Britannia and Co-Op to create super-mutual
Britannia and the Co-Operative have confirmed that they will merge to create a super-mutual.
The merged business will create a business with £70 billion of assets, nine million customers, 12,000 employees, more than 300 branches and 20 corporate banking centres.
The two organisations say it will also be strongly capitalised and well placed to cope with the economic downturn.
Britannia is the second largest building society in the UK, following the merger of Portman into Nationwide in 2007. However, it is still a minnow in comparison to Nationwide, with £32,377 million of assets compared to the larger mutual’s £178,482 million.
It also owns a specialist mortgage lender - Platform Homeloans - which, prior to the credit crunch, was very active in the sub-prime and buy-to-let markets originating over 90,000 mortgages worth over £7 billion since its launch in 2003.
Britannia group chief executive, Neville Richardson, will head up the combined mutual while the Co-Operative’s non-executive chairman, Bob Burlton, will chair the new board.
Rodney Baker-Bates, the current chairman of Britannia, says: "The combined and complementary strengths of our businesses will offer customers a strong, fair and ethical alternative to banking plcs.
“Customers will be owners and will have available all the services they would expect from a major financial provider, together with a real say in setting strategy combined with a share of the profits."
Burlton adds: "Both businesses have been pursuing successful strategies independently and are strong in their own right but we recognise we could be even more successful by coming together to create the UK's most trusted financial services business."
Britannia members will vote on the merger at a general meeting scheduled for 29 April 2009. If approved, both brands will continue to be used as well as the Smile internet bank and Platform mortgage brands.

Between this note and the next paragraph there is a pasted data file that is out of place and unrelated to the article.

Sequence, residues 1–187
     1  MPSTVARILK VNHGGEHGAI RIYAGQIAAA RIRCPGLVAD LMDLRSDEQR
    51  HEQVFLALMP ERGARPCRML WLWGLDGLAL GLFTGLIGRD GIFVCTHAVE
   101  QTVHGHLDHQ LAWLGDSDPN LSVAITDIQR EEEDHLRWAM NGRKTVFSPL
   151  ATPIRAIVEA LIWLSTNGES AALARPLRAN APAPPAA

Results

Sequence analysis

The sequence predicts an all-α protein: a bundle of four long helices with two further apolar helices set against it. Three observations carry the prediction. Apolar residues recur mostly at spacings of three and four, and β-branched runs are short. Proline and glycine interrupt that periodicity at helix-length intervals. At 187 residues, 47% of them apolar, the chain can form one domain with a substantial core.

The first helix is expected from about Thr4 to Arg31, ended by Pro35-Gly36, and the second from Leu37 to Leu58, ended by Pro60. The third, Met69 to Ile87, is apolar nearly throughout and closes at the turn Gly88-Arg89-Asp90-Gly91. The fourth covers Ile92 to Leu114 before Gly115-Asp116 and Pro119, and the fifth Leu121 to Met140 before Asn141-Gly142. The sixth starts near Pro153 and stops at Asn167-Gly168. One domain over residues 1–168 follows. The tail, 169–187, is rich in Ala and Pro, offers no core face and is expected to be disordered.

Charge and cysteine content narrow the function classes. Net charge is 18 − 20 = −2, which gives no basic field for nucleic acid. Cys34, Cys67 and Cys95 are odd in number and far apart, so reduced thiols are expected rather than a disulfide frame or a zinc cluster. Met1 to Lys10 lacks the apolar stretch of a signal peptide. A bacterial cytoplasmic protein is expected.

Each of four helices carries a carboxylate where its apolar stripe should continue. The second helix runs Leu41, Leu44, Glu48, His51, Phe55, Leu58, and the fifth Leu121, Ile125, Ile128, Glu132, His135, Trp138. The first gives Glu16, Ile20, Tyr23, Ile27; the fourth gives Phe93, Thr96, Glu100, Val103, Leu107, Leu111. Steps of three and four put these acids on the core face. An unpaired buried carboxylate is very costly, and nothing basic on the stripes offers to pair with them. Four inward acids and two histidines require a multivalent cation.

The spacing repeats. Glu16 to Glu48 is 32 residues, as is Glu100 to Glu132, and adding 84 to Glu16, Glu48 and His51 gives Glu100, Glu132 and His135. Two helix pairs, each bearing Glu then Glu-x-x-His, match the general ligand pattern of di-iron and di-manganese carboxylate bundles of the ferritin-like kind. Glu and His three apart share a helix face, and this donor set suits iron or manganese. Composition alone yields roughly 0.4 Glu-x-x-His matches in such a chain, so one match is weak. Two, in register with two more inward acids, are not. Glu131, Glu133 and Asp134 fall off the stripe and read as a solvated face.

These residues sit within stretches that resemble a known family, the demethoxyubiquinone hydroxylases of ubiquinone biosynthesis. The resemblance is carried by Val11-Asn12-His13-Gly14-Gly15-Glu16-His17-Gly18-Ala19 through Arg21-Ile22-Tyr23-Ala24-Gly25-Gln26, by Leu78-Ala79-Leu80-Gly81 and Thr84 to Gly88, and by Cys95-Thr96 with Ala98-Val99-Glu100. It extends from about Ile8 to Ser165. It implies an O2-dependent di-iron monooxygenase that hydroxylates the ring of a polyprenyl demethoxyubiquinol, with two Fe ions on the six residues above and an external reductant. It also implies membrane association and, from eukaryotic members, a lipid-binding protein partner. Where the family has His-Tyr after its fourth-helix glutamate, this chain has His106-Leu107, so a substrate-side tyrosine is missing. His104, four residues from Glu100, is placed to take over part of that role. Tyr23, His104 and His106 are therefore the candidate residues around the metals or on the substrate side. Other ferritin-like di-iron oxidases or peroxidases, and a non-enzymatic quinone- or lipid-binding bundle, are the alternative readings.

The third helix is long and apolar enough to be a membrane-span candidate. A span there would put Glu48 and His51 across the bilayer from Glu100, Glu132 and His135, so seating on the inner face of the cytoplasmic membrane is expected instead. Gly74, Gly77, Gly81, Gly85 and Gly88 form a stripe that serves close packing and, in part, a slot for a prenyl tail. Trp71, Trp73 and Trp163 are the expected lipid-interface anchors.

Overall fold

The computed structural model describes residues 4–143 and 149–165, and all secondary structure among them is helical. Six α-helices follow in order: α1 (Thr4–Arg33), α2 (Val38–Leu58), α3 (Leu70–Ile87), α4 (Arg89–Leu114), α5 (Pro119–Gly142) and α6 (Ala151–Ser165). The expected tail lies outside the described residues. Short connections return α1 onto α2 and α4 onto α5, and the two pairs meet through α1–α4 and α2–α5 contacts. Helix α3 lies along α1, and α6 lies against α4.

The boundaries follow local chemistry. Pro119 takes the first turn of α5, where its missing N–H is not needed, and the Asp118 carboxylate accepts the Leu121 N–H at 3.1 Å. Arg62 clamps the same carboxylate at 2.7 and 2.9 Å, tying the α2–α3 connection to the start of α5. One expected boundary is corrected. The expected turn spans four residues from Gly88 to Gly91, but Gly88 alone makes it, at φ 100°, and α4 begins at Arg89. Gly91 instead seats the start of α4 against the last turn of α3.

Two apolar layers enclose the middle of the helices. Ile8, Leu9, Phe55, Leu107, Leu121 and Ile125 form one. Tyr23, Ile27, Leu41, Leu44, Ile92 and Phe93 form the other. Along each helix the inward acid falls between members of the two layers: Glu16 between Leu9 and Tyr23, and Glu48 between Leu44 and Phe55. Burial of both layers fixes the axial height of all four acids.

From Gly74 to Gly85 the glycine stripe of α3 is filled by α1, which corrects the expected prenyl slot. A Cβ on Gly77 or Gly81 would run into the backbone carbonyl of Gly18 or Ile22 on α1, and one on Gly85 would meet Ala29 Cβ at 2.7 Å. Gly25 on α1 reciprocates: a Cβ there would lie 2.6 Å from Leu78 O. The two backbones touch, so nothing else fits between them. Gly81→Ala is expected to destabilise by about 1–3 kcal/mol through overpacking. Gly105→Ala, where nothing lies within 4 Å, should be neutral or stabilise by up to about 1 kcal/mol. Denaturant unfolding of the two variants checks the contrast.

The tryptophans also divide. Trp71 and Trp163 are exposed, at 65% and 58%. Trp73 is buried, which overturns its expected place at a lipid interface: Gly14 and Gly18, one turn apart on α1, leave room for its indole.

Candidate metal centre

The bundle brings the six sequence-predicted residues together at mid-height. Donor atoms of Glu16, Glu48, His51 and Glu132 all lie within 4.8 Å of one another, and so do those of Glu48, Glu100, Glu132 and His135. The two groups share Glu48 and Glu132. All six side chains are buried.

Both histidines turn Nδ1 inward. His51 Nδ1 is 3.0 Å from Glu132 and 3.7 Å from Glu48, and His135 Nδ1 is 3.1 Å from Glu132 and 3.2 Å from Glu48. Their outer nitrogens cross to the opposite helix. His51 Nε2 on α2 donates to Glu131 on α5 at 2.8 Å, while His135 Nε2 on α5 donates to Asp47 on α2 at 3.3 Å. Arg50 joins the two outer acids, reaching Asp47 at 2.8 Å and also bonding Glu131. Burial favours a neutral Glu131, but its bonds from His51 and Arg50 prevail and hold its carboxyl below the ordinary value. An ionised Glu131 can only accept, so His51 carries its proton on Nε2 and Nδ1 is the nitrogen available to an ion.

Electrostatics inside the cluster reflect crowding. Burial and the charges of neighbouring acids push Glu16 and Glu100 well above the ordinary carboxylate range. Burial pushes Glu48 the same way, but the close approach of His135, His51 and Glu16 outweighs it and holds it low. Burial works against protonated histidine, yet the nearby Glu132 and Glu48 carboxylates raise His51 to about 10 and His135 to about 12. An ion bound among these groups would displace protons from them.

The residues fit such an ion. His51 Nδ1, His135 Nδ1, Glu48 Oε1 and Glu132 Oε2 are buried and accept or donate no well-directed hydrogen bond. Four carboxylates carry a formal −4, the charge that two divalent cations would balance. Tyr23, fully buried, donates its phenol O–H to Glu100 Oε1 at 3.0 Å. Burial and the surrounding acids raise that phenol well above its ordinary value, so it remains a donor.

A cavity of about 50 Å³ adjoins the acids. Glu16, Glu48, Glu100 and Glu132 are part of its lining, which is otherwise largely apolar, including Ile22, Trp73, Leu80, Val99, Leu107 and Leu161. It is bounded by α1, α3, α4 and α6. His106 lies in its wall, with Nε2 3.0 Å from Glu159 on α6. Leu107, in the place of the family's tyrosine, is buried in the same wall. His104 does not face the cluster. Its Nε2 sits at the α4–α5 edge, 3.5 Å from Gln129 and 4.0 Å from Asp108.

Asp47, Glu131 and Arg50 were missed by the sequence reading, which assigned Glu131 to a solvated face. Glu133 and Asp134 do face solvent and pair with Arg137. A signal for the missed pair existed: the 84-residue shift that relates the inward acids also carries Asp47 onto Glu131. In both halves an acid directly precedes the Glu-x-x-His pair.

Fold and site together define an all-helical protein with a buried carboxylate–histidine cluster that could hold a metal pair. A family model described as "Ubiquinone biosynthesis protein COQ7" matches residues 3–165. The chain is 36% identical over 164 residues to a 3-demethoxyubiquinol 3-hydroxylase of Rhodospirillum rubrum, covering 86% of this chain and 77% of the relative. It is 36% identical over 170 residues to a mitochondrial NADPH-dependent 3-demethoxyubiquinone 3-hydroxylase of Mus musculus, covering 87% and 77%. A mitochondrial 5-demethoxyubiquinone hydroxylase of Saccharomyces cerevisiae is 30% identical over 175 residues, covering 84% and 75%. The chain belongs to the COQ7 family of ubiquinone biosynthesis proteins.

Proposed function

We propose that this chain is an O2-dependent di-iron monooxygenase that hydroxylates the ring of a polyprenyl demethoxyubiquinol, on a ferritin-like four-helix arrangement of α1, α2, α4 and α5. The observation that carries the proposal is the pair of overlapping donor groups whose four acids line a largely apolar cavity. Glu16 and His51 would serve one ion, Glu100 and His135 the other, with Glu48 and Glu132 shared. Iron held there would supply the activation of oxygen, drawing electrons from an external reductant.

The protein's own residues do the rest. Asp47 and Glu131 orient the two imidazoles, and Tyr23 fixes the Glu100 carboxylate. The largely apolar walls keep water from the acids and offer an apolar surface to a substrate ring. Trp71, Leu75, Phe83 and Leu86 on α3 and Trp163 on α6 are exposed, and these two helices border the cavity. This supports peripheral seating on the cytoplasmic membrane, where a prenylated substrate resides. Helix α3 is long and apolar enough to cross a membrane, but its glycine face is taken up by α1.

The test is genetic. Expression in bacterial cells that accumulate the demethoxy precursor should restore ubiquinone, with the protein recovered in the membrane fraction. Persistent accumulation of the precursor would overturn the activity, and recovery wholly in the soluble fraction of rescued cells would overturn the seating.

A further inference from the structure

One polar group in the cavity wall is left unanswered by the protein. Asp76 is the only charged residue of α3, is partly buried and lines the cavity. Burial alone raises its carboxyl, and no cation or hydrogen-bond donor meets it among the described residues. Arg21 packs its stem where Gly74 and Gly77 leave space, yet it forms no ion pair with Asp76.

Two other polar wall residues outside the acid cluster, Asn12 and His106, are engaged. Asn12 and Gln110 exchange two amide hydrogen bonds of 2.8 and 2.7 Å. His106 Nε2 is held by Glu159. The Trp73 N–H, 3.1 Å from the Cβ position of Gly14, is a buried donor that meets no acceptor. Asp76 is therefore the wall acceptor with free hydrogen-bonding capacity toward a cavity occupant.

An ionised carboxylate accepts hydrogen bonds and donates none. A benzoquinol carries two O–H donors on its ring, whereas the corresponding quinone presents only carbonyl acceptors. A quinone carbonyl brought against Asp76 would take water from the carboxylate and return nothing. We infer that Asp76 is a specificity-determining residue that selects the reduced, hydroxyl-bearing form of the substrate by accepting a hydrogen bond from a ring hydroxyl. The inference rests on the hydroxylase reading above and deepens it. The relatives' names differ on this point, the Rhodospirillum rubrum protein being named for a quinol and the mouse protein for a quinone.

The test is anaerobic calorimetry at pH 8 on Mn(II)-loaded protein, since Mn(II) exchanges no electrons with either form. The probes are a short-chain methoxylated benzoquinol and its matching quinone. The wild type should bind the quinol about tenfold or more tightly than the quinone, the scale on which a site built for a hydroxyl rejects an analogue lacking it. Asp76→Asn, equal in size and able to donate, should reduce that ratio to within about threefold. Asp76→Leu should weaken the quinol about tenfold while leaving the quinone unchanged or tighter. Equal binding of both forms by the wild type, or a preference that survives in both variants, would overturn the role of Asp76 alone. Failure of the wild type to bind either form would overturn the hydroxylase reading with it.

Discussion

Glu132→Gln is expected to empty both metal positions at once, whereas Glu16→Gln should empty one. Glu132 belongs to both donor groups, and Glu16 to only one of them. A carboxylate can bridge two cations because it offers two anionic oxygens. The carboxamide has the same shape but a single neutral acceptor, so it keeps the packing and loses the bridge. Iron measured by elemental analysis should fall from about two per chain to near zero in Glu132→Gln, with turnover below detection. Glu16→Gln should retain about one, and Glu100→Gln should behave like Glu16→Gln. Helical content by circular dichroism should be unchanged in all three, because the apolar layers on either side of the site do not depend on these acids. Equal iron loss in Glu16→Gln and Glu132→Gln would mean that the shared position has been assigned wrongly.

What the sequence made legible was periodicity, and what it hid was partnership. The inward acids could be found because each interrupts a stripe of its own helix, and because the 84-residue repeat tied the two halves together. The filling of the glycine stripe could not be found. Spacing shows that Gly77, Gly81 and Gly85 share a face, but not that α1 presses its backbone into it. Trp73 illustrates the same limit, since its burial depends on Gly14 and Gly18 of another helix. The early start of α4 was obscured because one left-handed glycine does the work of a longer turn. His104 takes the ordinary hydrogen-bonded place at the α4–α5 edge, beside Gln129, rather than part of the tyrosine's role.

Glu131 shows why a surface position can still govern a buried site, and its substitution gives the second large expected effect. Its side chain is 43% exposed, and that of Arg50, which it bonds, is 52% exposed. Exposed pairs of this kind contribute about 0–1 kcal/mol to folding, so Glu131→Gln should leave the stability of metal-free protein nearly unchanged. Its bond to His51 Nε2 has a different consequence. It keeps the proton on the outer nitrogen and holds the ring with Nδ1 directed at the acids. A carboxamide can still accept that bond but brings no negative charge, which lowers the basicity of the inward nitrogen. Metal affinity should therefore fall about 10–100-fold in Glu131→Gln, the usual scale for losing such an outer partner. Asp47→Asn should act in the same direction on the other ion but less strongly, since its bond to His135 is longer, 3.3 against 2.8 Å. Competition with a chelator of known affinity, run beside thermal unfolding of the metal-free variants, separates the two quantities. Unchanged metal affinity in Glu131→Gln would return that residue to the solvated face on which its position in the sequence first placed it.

However, the combined group eventually plans to introduce a single product range.
The Financial Services Authority has confirmed that savers who have accounts with both organisations will retain their £50,000 protection with both businesses under the Financial Services Compensation Scheme.
All sub-prime financial products are aimed at borrowers with patchy credit histories and the term typically refers to mortgage candidates, though any form of credit offered to people who have had problems with debt repayment is classed as sub-prime. Depending on the lender’s own criteria, sub-prime can apply to borrowers who have missed a few credit card or loan repayments to people who have major debt problems and county court judgments (CCJ) against their name. To reflect the extra risk in lending to people who have struggled in the past, rates on sub-prime deals are typically higher than for “prime” borrowers.
The catch-all term applied to investors who buy properties with the sole intention of letting them to tenants rather than living in them themselves, with the proceeds from the let usually used for the repayment of the mortgage. Buy-to-let investors have to take out specialised mortgages that carry higher interest rates and require a much bigger deposit than a standard mortgage. Other expenditure can include legal fees, income tax (on the rental profits you make), capital gains tax (if you sell the property) and “void” periods when the property is unlet.
This is a mutual organisation owned by its members and not by shareholders. These societies offer a range of financial services but have historically concentrated on taking deposits from savers and lending the money to borrowers as mortgages, hence the name. In the mid-1990s many societies “demutualised” and became banks. One academic study (Heffernan, 2003) found demutualised societies’ pricing on deposits and mortgages was more favourable to shareholders than to customers, with the remaining mutual building societies offering consistently better rates. In 1900, there were 2,286 building societies in the UK; in 2011, there are just 51.